Brandon Cook was not only shocked at the sexual assault, but the response on social media afterwards.
Brandon Cook was not only shocked at the sexual assault, but the response on social media afterwards.

My rape was called ‘divine justice’

THE first time I tried to write this piece, it sounded like the hysterical screaming of a Hollywood thriller script. Then a voice in my head said, "What would your grandmother think?" The second time, I tried to "make it funny", but I came off sounding dishonest.

I don't want to sound dishonest, though. I want you to know that I'm serious. Because this isn't misery porn: This is rape.

I was an addict looking for a hit in an apartment with someone who could give me what I thought I wanted: Dissociation from reality. That's how I met him.

But when the drugs he gave me sent me to the brink of unconsciousness, and every groan or pained writhing on his couch was met with him telling me to "Shut the f**k up", I could hear an inner voice telling me that something wasn't right.

It was only when they began to wear off - what acts he performed to my barely-conscious body for his own pleasure I could hardly contemplate - that I started to realise what kind of place I was in.

The front door was barricaded shut with heavy boxes; all perceivable cracks covered with gaffer tape. From beneath a lampshade gazed a webcam, staring down at me, lights blinking.

And he was standing in the corner of the room with a sharp tool in hand, hacking away at the drywall. When I would rise and stumble to his kitchen sink, trying hard not to vomit, he would whip around with a sharp intensity and hiss to "Sit the f**k down". The look on his face was that of pure murder. When I looked down, I saw sheets stained red.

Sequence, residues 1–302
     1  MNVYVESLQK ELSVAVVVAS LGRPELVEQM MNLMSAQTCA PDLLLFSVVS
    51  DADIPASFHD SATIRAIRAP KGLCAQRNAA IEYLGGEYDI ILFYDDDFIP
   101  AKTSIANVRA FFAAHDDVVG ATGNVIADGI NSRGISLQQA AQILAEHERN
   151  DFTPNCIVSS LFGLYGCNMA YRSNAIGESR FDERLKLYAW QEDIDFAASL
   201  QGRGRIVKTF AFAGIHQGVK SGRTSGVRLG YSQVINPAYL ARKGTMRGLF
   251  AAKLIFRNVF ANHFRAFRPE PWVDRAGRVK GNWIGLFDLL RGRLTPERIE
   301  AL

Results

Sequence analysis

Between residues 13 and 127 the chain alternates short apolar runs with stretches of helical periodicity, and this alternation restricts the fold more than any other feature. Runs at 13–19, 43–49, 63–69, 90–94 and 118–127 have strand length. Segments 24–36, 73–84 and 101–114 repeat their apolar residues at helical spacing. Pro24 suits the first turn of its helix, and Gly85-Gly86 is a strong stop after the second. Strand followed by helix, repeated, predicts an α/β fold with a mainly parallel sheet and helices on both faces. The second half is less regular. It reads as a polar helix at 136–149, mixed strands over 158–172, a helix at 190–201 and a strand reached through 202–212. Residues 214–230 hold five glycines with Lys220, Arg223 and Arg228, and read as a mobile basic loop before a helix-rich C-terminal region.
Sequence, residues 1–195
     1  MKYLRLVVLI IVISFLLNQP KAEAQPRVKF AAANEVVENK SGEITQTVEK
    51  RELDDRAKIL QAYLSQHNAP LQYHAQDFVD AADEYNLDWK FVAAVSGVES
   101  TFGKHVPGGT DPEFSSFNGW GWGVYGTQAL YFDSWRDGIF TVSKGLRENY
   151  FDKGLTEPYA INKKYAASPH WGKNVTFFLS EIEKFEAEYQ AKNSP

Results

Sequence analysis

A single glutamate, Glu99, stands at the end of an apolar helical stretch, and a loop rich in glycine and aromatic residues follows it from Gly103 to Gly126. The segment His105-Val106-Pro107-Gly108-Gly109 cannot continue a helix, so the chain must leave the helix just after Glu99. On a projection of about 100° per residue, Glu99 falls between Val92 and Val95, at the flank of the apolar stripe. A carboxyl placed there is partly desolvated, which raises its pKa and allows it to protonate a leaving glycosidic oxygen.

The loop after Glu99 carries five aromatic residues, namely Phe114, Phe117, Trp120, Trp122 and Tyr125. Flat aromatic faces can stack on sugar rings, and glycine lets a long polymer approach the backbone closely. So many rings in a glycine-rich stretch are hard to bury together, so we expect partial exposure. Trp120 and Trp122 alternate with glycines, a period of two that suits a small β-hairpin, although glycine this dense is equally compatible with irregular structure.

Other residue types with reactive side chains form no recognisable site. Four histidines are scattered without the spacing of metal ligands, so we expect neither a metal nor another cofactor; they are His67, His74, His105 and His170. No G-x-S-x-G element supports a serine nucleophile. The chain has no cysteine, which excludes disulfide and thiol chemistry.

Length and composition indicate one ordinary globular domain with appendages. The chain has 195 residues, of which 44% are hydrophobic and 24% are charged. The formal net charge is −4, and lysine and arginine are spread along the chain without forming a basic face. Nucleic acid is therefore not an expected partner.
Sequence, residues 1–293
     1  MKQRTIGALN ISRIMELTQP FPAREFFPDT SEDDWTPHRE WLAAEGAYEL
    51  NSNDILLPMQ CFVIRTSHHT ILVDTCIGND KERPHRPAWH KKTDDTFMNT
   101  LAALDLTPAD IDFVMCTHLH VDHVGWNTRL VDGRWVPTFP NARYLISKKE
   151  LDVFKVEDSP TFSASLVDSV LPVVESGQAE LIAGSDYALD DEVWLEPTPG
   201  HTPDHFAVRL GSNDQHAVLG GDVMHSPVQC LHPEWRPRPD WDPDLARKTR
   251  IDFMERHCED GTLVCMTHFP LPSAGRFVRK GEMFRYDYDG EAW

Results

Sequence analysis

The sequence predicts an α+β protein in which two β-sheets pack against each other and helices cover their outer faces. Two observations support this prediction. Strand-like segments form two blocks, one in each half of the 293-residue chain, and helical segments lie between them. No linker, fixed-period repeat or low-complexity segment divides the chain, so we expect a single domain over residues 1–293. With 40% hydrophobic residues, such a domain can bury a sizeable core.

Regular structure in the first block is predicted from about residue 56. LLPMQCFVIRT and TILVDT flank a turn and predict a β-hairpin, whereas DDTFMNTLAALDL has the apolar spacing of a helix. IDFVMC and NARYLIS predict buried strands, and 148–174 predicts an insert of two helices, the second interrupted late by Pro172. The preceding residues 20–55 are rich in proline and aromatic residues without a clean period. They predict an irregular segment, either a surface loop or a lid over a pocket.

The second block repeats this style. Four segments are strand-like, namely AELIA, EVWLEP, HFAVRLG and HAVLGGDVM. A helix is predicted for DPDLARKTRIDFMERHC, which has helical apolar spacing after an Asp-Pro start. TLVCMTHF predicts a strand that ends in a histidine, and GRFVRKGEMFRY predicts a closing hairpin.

He was completely psychotic. To him, there were spies in the walls. Suddenly I was looking at the face of someone who could be my murderer.

I don't know how long he kept me there. All I have to go off are the time stamps of text messages that read: "Call the police and send them to this apartment. Someone is going to die here today." And the videos - almost farcical in nature, taken on my phone, depicting a man in a blue thong decimating his own apartment walls - that serve to validate the experience.

Brandon Cook admits he stopped co-operating with police after the assault as he was too traumatised at the time to talk about it.
Brandon Cook admits he stopped co-operating with police after the assault as he was too traumatised at the time to talk about it.

What he did put me in the hospital. I am loath to recall how I escaped his apartment - how hard I had to pretend - because it makes me ashamed. What I do know is that police and paramedics found me on the ground outside of a 7/11, openly sobbing.

He had struck fear into my heart and used me for his sexual pleasure. I had been too afraid to say no, let alone adequately consent. He'd broken me.

The following 24 hours comprised of a rape kit, multiple statements made to numerous detectives, and no shortage of shame and self-hatred. Not the kind that creeps in when you're standing on a train platform, beckoning you to jump - but the shame that screams loudly in your ear, until all you can do to keep on walking is to pretend that you aren't really there at all.

I remember being wheeled into emergency, my body actively twitching uncomfortably from the substances setting my synapses wild. I would laugh and say, "I'm just happy to have a good reason to be in emergency for once." Happy to be a junkie with a problem that society "deemed valid".

At one point I leaned over to a police officer - one of the women who stayed with me the entire time - and whispered deliriously, "Although, I was on drugs. Which means I asked for it, you know?"